Real World OCaml

2nd Edition (published in Q4 2021)
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Testing

Testing is not the best-loved part of programming. Writing tests is an exacting and sometimes dreary job, and it can feel like a distraction from the task of building out your code’s functionality. At first blush, OCaml’s type-system makes testing seem even less appealing, since the type system’s ability to squash many kinds of bugs at compile time catches lots of mistakes that you would otherwise need to write tests to protect against.

But make no mistake, clever types notwithstanding, testing is essential for developing and evolving reliable software systems. And OCaml’s type system, viewed properly, is an aid to testing, not a reason to avoid it.

The goal of this chapter is to teach you more about how to write effective tests in OCaml, and to teach you some of the best tools for the job. Tooling is especially important in the context of testing because one of the things that prevents people from doing as much testing as they should is the sheer tedium of it. But with the right tools in hand, writing tests can be lightweight and fun. And when testing is fun, a lot more testing gets done.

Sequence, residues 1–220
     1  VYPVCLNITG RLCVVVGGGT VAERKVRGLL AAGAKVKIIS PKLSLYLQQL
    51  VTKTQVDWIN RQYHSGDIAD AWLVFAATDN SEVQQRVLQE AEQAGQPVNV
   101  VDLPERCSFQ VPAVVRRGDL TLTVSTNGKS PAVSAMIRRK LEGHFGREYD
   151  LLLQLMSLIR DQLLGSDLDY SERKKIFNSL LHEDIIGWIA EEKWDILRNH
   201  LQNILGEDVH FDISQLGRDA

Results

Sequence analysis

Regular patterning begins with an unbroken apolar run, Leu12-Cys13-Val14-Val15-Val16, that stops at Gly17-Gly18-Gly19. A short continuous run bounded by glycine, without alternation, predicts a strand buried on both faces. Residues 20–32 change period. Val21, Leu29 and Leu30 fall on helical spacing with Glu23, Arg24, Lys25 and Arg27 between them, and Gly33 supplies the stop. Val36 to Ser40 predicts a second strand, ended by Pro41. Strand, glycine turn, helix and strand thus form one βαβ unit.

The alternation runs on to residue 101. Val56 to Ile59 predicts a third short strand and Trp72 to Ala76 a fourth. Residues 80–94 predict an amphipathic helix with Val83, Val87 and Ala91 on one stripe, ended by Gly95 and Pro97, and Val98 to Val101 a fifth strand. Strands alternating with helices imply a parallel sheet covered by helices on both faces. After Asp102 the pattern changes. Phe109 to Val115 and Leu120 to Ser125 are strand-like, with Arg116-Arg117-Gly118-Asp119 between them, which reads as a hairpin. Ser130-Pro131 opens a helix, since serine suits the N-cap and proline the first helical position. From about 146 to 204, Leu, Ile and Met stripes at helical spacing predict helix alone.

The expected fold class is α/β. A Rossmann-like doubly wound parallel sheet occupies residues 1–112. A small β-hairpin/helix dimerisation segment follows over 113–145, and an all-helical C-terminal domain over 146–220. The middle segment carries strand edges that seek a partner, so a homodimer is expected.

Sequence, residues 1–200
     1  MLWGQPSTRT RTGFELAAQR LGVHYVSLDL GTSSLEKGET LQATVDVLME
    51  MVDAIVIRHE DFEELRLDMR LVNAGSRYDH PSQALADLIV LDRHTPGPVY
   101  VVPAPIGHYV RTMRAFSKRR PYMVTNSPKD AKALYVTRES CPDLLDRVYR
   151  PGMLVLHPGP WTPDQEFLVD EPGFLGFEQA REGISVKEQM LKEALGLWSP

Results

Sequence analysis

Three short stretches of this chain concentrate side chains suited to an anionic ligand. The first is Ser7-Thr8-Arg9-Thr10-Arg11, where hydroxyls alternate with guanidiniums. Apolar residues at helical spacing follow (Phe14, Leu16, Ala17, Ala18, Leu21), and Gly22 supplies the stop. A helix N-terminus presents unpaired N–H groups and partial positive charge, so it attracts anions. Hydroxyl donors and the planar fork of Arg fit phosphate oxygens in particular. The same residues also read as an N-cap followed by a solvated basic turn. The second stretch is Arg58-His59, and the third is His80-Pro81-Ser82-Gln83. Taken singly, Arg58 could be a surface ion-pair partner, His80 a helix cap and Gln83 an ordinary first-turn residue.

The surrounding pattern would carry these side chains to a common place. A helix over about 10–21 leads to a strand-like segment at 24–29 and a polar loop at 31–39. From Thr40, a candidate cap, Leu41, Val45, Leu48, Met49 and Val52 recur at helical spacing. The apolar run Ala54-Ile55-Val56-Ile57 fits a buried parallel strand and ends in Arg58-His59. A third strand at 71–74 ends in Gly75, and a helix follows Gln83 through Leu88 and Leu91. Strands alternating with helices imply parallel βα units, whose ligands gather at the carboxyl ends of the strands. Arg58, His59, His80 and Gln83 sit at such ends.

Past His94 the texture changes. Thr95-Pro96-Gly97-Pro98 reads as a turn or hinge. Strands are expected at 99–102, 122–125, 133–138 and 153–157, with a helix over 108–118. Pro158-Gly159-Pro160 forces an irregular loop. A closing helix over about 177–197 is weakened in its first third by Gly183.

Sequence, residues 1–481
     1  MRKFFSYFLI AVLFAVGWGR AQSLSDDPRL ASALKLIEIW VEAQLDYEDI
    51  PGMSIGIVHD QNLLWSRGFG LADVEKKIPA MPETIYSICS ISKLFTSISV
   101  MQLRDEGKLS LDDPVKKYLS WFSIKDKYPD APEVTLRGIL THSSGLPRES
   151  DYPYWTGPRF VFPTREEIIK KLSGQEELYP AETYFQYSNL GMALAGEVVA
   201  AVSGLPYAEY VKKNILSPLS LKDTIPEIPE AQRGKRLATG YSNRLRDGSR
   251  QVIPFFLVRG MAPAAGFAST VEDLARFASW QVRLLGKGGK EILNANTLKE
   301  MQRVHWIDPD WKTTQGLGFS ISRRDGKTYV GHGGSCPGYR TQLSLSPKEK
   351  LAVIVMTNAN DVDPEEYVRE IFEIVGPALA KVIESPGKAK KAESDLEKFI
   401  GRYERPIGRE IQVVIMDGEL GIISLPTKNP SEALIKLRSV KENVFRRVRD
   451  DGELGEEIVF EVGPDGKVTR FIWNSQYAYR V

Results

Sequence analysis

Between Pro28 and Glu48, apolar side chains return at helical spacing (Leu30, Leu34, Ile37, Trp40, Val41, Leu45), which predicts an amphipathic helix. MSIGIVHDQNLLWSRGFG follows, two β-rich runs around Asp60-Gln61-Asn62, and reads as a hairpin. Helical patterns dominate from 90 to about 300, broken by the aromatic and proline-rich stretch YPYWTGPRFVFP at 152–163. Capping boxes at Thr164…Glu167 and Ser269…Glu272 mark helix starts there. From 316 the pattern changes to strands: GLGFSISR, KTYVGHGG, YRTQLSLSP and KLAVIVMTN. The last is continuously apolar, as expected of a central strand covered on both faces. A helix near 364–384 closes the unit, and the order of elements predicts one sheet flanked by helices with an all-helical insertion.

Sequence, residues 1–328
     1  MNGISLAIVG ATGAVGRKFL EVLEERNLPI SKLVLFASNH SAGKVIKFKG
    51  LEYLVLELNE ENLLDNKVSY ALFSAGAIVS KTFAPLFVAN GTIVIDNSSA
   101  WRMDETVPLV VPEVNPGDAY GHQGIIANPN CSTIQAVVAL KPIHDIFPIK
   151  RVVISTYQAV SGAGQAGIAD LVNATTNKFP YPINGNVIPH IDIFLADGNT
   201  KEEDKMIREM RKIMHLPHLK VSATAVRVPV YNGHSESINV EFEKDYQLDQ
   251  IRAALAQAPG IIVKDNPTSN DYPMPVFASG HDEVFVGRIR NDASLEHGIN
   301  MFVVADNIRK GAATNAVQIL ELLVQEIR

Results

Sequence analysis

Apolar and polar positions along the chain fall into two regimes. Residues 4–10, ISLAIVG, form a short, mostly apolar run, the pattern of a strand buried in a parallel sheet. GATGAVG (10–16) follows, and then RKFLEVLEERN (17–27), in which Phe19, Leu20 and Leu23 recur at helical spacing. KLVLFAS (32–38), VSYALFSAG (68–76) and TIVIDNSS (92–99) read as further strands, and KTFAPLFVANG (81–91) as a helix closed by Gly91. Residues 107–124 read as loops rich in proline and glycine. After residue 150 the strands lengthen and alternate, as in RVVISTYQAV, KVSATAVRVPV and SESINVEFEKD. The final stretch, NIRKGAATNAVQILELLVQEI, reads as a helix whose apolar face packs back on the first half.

Before talking about the testing tools that are available in OCaml, let’s discuss at a high level what we want out of our tests and our testing tools.

What makes for good tests?

Here are some of the properties that characterize well-written tests in a good testing environment.

  • Easy to write and run. Tests should require a minimum of boilerplate to create and to hook into your development process. Ideally, you should set things up so that tests are run automatically on every proposed change, preventing people from accidentally breaking the build.
  • Easy to update. Tests that are hard to adjust in the face of code changes can become their own form of technical debt.
  • Fast, so they don’t slow down your development process.